High-performing, council-run schools in England should be allowed to sponsor struggling schools without becoming academies first, say town hall bosses.
The Local Government Association feels that with lots of council-run schools flourishing, they should be allowed to take over failing academies.
By contrast, too many academy chains are performing poorly, argues the LGA.
The government said high-performing schools could share their expertise after becoming academies.
Bill Watkin, director of the SSAT schools, students and teachers network, identified problems with the LGA plan.
“A school wanting to sponsor an academy would have to set up a trust first – a company limited by guarantee – and that trust would be the sponsor. An academy wanting to do so would already have set up a trust in order to become an academy.”
Currently 80% of council-run schools have been rated good or outstanding by schools watchdog Ofsted
Official performance figures for both the 20 largest academy chains and 100 councils with five or more secondary schools, suggest councils are better at adding value to pupil performance, the LGA points out.
The value-added measure uses pupils’ performance in the last year of primary school to predict their expected performance at GCSE and compares this with their actual results.
If pupils do better than expected at GCSE, their school is said to have added value.
In 2014, only three of the 20 largest academy chains exceeded expectations when it came to pupils’ GCSE results, compared with 44 out of the 100 councils, according to the figures.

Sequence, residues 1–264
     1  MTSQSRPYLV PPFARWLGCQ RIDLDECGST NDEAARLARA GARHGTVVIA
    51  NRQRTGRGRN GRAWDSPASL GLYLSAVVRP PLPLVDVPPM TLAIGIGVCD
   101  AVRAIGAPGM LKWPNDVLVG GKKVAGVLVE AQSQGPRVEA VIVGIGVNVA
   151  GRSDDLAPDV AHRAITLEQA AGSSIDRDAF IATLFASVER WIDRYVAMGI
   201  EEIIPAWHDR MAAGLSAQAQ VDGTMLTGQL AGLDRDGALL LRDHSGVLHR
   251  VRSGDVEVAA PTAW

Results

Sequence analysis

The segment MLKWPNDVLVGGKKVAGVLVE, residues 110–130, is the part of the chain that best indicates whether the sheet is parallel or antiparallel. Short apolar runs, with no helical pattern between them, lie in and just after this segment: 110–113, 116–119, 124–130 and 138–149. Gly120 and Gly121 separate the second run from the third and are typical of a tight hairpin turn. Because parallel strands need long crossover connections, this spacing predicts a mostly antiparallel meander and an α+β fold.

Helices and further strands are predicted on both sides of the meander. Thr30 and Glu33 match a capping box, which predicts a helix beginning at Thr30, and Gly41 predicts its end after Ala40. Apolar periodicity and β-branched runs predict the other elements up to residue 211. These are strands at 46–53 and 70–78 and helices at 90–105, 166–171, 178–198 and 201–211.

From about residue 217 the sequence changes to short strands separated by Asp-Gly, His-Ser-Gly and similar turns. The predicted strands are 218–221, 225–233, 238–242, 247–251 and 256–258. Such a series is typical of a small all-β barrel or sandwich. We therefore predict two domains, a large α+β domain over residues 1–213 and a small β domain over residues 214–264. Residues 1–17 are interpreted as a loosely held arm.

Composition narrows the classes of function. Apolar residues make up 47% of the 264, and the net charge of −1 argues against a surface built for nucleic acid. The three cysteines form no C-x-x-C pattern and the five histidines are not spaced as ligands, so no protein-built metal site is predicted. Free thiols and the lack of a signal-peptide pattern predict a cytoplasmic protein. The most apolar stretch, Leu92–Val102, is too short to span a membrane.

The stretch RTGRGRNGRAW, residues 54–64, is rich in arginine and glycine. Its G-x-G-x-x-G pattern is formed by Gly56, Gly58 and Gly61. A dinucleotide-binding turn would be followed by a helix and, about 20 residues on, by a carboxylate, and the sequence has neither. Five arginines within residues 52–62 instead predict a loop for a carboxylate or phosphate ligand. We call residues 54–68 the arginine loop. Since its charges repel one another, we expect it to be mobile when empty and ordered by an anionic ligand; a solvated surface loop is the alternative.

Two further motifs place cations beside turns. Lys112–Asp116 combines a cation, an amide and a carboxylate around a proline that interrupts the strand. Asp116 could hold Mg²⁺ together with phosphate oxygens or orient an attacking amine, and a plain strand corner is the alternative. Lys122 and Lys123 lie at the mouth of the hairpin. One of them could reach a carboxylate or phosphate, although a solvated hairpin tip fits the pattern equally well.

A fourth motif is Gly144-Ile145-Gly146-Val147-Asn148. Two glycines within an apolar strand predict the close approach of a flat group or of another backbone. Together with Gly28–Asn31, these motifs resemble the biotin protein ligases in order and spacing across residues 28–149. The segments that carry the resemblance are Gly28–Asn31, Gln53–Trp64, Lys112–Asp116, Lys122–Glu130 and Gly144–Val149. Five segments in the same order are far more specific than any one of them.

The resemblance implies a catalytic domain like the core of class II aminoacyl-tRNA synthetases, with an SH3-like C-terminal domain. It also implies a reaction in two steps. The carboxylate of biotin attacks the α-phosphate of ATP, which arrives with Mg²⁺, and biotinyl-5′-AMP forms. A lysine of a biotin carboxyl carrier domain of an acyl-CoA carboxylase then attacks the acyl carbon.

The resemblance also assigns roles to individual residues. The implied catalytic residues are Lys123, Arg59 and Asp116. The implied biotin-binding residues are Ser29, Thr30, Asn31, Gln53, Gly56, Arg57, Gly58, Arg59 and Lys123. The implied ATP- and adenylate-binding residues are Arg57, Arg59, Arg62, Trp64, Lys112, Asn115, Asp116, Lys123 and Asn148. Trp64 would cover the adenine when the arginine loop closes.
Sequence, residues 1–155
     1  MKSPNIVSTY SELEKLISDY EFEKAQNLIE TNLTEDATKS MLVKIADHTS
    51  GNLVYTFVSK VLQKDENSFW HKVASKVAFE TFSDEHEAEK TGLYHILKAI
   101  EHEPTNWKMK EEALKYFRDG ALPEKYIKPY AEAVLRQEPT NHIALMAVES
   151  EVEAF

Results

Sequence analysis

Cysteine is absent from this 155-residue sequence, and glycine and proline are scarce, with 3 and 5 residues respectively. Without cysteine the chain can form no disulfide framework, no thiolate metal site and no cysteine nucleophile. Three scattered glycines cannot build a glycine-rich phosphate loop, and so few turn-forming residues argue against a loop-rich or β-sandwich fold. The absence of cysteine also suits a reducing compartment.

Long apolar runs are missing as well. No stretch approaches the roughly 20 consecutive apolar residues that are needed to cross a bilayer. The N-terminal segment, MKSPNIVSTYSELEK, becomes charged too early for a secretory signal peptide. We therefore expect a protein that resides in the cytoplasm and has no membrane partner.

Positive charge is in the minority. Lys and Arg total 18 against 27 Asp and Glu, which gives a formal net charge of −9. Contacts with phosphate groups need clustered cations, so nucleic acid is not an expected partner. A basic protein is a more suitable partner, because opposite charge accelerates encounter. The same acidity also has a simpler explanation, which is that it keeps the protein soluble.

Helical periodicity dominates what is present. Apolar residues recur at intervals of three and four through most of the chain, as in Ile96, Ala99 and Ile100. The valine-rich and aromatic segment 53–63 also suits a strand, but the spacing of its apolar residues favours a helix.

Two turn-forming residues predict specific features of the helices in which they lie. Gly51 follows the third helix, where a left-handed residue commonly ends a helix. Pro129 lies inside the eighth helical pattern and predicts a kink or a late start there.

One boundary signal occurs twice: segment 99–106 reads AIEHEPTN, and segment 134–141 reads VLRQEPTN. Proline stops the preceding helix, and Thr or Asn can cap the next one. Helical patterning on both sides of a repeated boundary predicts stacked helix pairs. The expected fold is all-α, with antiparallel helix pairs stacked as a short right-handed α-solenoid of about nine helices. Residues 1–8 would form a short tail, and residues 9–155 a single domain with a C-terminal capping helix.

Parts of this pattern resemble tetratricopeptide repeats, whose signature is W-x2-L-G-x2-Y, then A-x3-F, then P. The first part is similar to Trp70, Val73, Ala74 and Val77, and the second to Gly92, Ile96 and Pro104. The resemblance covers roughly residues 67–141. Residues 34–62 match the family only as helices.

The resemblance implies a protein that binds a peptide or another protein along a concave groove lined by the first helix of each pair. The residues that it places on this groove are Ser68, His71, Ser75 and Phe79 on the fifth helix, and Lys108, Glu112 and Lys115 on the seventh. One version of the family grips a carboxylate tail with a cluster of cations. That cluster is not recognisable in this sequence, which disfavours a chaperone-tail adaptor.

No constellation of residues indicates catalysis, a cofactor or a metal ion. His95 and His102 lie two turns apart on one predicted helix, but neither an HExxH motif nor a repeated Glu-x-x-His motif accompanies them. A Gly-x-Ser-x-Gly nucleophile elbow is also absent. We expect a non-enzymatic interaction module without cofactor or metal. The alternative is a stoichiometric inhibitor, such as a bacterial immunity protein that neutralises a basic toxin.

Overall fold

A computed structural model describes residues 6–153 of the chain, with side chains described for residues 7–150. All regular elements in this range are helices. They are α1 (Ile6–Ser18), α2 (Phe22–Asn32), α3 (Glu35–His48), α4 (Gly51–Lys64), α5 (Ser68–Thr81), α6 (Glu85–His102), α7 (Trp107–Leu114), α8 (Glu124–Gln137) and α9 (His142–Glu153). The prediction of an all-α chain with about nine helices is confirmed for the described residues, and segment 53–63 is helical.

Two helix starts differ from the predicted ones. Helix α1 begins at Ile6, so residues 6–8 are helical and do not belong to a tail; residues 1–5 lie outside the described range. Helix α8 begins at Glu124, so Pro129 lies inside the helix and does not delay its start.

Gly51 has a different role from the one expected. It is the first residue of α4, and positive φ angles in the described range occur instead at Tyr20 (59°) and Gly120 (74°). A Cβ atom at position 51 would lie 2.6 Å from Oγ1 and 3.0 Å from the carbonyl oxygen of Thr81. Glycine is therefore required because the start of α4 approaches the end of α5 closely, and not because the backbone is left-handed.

This calls into question “the capacity of high-quality sponsors to take on additional schools,” says the LGA.
The body is backing an amendment to the Education and Adoption Bill which would allow council-run schools and local authorities to sponsor academies.
Another amendment would require potential sponsors’ success in adding value to be taken into account.
‘Partners not barriers’
“Councils are education improvement partners and not a barrier to change,” said Roy Perry, chairman of the LGA’s children and young people board, speaking ahead of the bill’s House of Lords committee stage next week.
“When putting in place support for a school to improve outcomes for children, the focus should be on the quality and capability of a sponsor, whether that is a sponsor academy, a high-performing maintained school, or a local authority.
“For parents, who are far more concerned with the quality of their child’s education in the classroom than the legal status of the school, it is the council that they still frequently and naturally turn to for advice and support. However, councils’ current powers to intervene are strictly limited.”
The National Union of Teachers urged the government and the House of Lords to accept the proposal.
“Instead of undermining the valuable work and experience of local authorities in education, the government should be building the capacity of local authorities to support schools and to provide much needed services to them,” said general secretary Christine Blower.
Dr Mary Bousted, general secretary of the Association of Teachers and Lecturers agreed the plan would help raise standards in struggling schools as “the quality of academy sponsors varies hugely”.
Mr Watkin pointed out academy chains would inevitably have poorer results than council-run schools.
“Academy sponsors are taking on the most vulnerable and fragile schools. So of course their attainment is going to be lower compared with maintained schools which are a bigger range of schools.”
A Department for Education spokesman said academies were “a vital part” of the government’s plan for education.
“All ‘good’ and ‘outstanding’ schools have the freedom to convert to academy status either as stand-alone converters or as part of a multi-academy trust to share their expertise with other schools.”
For weaker schools “becoming an academy with the support of a strong sponsor helps create the conditions for rapid and sustained improvement”, said the spokesman.